Piano Concerto No.1 in E minor, Op.11
Piano Concerto No.2 in F minor, Op.21
Shura Cherkassky (piano)
BBC Scottish Symphony Orchestra
Christopher Adey [Piano Concerto No.1]
BBC Symphony Orchestra
Piano Concerto No.1 recorded on 3 December 1981 in Studio 1, Broadcasting House, Glasgow; No.2 on 30 August 1983 at Royal Albert Hall, London
Reviewed by: Rob Pennock
Reviewed: February 2013
CD No: ICA CLASSICS ICAC 5085
Duration: 75 minutes
This release features the great Ukrainian pianist Shura Cherkassy in a composer he was particularly associated with. Chopin’s E minor Piano Concerto is a studio performance, while the F minor comes from the BBC Proms. Cherkassky was 72 when he performed the E minor work – with little or no diminution in his technical prowess. The singing tone, innate command of rubato, legato, and seemingly infinite capacity to shade and shape each phrase, are as distinctive as ever. However there is a marked difference in the quality of these two performances, in that the First Concerto (which was composed after the Second, but published first) features orchestral playing and conducting that are not up to international standard.
From the opening bars, the BBC Scottish Symphony Orchestra plods its way through the score, with rough, thin string tone, and poor ensemble, under a conductor who seems unable to respond to Cherkassky’s mercurial genius. There is also a problem with the sound, which is dynamically constricted, has a congested midrange, and thin and metallic piano tone. Despite this, from Cherkassky’s opening flourish, followed by a pause, slowing for the first subject proper, constant small tempo adjustments and natural give-and-take, it is obvious that Cherkassky is giving an object lesson in what interpretation should be about – bringing music to thought-provoking, imaginative life. Time and again he will (without becoming predictable) slow the final cadence of a phrase, linger dreamingly over a passage, and every time the three main subjects appear, play them differently, without ever impeding the flow. In Cherkassky’s hands the opening of the slow movement features a range of dynamics, and the relaxed tempo allows him to weave an ever-changing web of sound, centred around luminous tone (you hear this despite the reproduction) and exquisite legato phrasing. In the finale Cherkassky’s leisurely speed allows him to use every aspect of his technique to uncover unexpected decorations, rhythmic inflections and patterns that would.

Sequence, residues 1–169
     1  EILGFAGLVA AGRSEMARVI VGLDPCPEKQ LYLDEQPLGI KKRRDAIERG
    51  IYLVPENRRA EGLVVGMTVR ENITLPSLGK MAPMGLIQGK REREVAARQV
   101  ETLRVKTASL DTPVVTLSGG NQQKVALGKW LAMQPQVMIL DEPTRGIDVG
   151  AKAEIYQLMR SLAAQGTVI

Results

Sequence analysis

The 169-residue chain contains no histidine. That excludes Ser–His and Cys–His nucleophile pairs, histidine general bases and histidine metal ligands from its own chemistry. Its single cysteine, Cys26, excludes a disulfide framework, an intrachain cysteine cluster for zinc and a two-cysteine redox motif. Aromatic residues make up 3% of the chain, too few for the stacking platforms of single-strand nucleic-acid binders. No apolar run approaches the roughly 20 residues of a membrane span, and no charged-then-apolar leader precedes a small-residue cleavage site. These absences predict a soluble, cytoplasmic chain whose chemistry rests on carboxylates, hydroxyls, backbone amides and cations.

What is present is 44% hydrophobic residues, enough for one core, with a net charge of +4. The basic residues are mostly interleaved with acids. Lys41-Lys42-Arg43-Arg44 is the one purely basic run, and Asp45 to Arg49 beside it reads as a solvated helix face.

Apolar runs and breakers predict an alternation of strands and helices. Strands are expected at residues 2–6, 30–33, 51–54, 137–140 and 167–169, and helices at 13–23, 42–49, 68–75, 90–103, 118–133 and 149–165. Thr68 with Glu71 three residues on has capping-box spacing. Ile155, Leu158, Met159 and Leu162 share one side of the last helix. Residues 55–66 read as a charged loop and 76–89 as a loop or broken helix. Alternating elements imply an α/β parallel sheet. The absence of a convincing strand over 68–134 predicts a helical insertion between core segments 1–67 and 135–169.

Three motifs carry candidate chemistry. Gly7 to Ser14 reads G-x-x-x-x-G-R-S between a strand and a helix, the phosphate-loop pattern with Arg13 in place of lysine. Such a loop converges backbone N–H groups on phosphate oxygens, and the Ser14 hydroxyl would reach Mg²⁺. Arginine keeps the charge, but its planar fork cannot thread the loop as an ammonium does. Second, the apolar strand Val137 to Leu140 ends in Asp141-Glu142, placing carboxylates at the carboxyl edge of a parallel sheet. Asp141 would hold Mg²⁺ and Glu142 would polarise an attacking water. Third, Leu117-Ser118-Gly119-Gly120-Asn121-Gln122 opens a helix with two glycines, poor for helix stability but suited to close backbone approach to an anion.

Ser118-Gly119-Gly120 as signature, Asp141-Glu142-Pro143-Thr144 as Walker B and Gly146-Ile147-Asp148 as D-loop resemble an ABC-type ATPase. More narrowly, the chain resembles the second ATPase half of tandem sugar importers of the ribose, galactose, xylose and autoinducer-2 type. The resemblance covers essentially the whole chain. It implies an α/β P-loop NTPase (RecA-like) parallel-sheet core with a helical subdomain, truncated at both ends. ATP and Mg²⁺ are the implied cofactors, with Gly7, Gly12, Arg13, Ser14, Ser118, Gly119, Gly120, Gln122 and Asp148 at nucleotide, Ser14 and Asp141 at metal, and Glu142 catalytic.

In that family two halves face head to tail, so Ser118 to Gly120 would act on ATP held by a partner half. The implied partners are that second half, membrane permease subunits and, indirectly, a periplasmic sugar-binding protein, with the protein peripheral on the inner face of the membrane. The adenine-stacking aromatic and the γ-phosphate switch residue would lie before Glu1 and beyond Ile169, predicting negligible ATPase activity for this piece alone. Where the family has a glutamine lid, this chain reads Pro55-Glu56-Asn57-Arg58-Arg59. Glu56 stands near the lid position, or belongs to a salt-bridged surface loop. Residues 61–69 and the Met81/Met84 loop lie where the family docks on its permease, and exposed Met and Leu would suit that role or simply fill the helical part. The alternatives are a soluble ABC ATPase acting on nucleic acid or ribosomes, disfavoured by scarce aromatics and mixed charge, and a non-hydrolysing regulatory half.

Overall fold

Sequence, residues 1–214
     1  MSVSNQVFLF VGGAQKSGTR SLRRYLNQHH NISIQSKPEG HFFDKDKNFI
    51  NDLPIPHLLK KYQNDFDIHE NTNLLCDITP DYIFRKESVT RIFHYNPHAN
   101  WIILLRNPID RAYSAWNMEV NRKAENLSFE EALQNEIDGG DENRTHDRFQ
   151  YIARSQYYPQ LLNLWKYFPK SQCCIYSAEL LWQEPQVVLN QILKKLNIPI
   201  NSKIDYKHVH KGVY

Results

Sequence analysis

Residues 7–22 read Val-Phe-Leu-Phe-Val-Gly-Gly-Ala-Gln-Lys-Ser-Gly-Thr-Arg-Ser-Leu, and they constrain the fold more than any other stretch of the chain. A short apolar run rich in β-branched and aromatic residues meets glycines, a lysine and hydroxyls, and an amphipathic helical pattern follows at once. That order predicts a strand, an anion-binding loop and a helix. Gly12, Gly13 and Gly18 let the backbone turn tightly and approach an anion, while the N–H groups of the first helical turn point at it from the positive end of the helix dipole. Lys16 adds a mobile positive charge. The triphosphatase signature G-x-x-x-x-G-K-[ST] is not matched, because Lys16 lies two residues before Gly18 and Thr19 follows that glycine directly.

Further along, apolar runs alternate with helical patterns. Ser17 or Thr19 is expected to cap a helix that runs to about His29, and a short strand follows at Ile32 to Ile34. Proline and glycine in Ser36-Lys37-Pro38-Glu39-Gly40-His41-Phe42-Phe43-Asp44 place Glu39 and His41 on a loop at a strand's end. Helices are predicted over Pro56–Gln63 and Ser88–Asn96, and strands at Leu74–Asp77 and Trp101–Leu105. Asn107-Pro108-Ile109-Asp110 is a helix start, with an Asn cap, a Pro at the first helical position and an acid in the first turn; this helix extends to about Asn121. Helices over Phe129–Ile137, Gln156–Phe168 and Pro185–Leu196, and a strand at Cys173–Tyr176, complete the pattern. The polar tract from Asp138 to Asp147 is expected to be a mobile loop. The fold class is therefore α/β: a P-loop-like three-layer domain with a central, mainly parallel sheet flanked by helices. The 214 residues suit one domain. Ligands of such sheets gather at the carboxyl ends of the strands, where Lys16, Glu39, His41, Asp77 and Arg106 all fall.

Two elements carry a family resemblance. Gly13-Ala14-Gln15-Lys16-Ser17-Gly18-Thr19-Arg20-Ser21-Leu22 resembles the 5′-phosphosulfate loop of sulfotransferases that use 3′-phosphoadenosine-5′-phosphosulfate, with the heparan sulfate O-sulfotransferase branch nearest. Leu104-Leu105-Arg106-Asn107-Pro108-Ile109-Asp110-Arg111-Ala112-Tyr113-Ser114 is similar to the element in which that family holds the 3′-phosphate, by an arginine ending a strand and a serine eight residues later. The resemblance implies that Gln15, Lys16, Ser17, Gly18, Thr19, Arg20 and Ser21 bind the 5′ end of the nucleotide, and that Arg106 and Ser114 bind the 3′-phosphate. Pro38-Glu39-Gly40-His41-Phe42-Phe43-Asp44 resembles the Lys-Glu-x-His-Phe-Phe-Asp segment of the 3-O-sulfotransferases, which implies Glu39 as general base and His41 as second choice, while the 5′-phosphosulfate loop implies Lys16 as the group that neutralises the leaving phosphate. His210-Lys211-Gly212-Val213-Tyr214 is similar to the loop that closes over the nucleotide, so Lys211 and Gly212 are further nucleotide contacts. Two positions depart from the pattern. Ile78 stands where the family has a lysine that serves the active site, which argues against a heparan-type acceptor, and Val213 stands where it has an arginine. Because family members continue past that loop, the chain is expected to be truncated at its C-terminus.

At the Proms two years later, Cherkassky was partnered by a conductor who was better able to respond to the soloist’s quixotic nature; there was no guarantee on the night what Cherkassky would do. Hickox’s approach to opening movement’s introduction is powerfully straight, and while Cherkassky is capricious over tempo – the second subject is wonderfully supple – the overall approach is quite direct. The Larghetto is a miracle of old-world phrasing and expressive largesse. Each one of the trills and arabesques brings different weight and tonal shading, and the numerous grace-notes are almost sketched in. Tovey said that “the finale is a delightful example of the long ramble through picturesque musical scenery”. Here Cherkassky takes a slightly faster than average tempo. His rhythmic invention ensures that the mazurka-like second-subject bounces along (although one would have liked the more of the strings’ col legno accompaniment). The coda is delightful, as Cherkassky accelerates (although not to Presto as suggested in the booklet note) and fully exploits the brillante marking.
This release is a delight. Only Zimerman, Pletnev and Argerich play with such wonderful expressive licence today, and as such it is a marvellous (and salutary) reminder of what was once the norm in playing the piano.